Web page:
Conservation of prime farmland for agriculture and soil health care and enhancement, issue of Soil Health Cards indicating the organic matter and macro- and micronutrient status of the soil;
Water harvesting, management and conjunctive use of surface, rain, ground and treated effluent water and safeguarding water quality;
Credit and insurance reform;
Low-risk and environmentally friendly Green Technologies (such as integrated pest and nutrient management) and the provision of the needed inputs at the right time and place and at affordable cost;
Assured and remunerative marketing.
These five steps need to be taken and implemented in an integrated manner, so that we generate an Ever-green Revolution Symphony. The above steps are common to all farming zones. However, differentiated steps are needed in the following three areas:
First, we must defend the gains already made in the Green Revolution areas of Punjab, Haryana, and western Uttar Pradesh. This heartland of the Green Revolution, or India’s fertile crescent, is in a state of acute ecological and economic distress. Conservation farming and green agriculture should replace exploitative agriculture. Public policies promoting ecocides should be withdrawn and replaced with incentives for conservation farming. This region will remain a major source of foodgrains for the public distribution system, and hence needs urgent attention.
Secondly, we must extend the gains to additional areas like Bihar and the entire eastern India, which possess good soil and water resources, as well as to rainfed, hill and coastal areas. A second fertile crescent can be created immediately in the region comprising Bihar, eastern Uttar Pradesh, Chhattisgarh, West Bengal and Assam, where the untapped production reservoir even with technologies on the shelf is high.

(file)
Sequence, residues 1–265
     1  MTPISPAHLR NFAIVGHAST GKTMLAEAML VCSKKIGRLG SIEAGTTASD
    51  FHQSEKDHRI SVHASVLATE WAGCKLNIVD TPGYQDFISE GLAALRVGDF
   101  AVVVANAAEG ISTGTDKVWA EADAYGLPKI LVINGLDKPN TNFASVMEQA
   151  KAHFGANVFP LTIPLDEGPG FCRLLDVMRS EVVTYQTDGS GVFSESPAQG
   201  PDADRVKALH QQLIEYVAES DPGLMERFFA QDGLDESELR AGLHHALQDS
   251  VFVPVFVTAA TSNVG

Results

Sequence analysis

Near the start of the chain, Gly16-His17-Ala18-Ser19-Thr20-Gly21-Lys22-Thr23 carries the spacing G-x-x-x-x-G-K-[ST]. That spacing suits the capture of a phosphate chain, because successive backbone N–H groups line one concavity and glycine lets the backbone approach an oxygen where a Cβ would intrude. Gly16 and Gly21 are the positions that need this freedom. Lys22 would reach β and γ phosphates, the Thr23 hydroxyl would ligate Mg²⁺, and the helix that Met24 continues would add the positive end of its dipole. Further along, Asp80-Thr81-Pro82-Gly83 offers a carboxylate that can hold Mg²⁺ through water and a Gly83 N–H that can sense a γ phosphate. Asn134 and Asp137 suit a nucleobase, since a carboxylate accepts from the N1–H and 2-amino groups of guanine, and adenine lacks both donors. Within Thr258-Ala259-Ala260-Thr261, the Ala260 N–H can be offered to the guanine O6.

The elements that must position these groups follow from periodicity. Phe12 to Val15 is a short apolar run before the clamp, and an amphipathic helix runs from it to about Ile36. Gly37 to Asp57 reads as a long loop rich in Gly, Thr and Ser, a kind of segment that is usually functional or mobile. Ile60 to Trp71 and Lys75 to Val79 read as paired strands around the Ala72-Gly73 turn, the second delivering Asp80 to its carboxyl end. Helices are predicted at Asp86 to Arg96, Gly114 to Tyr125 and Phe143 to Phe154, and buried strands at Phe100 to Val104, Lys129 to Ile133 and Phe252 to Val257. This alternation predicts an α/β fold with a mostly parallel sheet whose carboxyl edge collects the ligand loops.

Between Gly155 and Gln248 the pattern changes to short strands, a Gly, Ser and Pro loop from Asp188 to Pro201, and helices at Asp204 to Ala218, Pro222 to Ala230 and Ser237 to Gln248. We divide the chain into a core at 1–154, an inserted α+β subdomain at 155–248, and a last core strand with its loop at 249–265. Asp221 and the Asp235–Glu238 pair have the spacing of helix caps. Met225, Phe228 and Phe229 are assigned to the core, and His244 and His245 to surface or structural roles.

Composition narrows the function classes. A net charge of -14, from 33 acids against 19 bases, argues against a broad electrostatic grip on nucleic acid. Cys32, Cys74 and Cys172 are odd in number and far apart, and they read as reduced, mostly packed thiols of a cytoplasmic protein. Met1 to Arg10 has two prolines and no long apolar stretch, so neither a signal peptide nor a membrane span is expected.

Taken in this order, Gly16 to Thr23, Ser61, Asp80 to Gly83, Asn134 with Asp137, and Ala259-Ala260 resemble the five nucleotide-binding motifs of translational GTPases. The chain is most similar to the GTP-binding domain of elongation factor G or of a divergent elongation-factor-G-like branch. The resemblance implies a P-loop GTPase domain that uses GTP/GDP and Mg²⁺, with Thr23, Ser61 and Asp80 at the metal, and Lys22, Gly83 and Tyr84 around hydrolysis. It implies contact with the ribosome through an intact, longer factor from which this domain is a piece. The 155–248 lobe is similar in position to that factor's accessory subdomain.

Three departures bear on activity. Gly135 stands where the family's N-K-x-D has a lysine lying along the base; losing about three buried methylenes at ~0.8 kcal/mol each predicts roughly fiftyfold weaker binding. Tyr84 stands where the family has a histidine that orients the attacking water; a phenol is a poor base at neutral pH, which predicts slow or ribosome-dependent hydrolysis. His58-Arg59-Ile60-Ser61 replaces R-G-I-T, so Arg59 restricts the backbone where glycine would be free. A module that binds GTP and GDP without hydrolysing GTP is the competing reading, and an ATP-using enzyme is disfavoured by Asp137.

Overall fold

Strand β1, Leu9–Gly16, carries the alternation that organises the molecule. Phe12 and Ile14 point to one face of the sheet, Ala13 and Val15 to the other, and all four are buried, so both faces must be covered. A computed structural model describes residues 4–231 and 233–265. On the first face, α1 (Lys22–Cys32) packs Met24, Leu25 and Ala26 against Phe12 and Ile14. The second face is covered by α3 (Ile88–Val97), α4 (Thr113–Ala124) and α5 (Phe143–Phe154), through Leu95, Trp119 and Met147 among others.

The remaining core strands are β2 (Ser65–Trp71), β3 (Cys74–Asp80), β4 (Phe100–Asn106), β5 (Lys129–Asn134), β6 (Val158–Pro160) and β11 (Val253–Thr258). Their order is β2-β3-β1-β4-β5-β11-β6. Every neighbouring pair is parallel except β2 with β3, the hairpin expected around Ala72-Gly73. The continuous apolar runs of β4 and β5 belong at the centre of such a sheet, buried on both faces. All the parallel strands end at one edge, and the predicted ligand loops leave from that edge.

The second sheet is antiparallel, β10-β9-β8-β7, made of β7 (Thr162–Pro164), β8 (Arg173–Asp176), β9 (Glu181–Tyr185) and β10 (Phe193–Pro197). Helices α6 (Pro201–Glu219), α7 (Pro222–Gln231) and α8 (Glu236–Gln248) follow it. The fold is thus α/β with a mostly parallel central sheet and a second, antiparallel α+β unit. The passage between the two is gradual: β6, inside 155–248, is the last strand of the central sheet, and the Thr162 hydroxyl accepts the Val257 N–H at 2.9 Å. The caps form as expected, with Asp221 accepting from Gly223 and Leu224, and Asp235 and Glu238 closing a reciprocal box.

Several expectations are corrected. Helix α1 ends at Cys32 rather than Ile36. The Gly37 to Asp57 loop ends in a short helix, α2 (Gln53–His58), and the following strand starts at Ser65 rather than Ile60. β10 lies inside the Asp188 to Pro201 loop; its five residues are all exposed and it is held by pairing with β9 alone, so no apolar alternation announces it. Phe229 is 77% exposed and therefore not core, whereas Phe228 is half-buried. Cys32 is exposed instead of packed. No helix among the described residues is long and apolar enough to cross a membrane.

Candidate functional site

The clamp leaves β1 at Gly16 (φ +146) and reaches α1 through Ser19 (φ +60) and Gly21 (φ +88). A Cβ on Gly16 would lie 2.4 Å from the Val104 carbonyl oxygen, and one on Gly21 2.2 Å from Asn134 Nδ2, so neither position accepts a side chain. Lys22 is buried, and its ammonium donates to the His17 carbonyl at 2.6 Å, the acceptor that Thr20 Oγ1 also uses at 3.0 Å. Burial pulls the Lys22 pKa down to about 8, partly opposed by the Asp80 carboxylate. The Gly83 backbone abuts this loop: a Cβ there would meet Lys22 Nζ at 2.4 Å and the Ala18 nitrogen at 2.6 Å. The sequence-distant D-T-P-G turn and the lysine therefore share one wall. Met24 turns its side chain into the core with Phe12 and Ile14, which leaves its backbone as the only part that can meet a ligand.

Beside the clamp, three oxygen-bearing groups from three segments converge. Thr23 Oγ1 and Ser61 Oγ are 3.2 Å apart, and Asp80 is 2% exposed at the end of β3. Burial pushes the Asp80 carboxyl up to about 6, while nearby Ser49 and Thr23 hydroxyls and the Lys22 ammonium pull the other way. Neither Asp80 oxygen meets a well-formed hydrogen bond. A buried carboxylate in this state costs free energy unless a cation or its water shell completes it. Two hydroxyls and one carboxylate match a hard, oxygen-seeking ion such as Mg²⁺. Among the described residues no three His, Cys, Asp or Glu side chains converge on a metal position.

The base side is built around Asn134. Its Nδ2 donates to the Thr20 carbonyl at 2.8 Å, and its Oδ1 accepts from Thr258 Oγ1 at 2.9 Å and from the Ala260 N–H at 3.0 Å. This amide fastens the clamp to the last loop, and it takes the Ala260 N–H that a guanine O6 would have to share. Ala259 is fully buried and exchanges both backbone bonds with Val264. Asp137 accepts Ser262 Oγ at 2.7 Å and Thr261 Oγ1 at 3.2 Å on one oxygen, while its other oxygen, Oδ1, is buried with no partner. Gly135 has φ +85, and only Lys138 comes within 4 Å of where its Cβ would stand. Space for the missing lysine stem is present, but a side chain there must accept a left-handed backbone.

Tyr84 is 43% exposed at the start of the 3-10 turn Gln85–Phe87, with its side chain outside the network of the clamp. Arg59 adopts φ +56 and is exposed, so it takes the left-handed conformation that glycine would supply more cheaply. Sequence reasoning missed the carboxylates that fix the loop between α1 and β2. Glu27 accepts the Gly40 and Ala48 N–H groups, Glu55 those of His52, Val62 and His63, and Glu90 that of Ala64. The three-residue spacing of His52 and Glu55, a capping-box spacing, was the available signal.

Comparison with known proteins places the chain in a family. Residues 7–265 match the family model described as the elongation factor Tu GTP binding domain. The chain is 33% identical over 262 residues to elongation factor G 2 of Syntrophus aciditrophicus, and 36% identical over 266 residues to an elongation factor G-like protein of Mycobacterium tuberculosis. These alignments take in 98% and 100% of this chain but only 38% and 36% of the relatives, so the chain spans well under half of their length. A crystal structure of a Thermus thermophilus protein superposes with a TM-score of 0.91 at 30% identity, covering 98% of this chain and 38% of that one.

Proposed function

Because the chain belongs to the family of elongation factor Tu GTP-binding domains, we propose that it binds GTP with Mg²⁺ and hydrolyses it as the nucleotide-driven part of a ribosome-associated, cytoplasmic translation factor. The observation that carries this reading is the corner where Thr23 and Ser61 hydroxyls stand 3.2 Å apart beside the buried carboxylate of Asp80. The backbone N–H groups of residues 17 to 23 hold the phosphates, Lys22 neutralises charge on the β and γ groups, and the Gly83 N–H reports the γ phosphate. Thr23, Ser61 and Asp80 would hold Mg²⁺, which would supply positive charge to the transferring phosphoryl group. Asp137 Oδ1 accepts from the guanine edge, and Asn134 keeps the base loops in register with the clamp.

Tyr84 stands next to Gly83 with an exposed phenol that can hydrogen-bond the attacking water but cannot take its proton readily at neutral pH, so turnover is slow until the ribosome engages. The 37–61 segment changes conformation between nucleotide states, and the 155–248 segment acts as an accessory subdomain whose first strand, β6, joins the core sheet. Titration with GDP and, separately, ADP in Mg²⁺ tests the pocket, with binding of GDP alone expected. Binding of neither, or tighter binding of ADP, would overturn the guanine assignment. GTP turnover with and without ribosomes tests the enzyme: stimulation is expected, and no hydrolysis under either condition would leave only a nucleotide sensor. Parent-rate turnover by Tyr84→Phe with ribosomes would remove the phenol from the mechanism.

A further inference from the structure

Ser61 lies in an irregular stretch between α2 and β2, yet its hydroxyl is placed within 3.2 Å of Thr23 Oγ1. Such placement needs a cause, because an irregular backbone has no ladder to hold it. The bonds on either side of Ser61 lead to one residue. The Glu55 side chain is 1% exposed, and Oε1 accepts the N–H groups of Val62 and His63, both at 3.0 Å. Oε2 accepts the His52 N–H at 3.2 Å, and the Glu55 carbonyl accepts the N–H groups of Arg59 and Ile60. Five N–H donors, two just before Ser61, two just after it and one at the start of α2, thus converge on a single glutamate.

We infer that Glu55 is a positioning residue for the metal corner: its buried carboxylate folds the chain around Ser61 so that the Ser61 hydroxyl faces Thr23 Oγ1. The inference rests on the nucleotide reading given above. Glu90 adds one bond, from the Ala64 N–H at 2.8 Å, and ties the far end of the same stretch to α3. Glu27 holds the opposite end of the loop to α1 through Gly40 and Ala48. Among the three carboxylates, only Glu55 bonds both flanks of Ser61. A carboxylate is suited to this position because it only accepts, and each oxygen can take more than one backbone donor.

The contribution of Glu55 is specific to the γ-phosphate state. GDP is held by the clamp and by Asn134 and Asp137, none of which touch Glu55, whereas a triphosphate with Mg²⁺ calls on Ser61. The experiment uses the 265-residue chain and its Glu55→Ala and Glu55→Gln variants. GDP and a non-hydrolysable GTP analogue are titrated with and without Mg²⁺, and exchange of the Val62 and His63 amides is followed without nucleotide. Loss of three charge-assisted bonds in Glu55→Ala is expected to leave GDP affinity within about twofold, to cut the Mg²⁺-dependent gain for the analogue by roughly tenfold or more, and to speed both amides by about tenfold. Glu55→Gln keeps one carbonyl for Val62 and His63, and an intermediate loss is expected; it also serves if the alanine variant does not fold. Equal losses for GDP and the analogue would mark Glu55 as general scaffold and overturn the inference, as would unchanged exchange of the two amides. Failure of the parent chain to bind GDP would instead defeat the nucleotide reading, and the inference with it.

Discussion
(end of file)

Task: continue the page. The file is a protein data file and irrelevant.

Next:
Finally, we should make new gains, particularly in the areas of farming systems diversification and value addition. There is now a mismatch between production and post-harvest technologies. This should end. A quality literacy and value-addition movement should be launched.
The National Commission on Farmers has outlined a detailed strategy to achieve these goals. A draft National Policy for Farmers has been provided by the NCF, which if adopted will help make the growth rate in the net income of farmers as the principal criterion for measuring agricultural progress. Farmers are ready to help the nation. Are we ready to help them?
M.S. Swaminathan, eminent agricultural scientist, is founder-chairman of the M.S. Swaminathan Research Foundation, Chennai.

No comments:

Post a Comment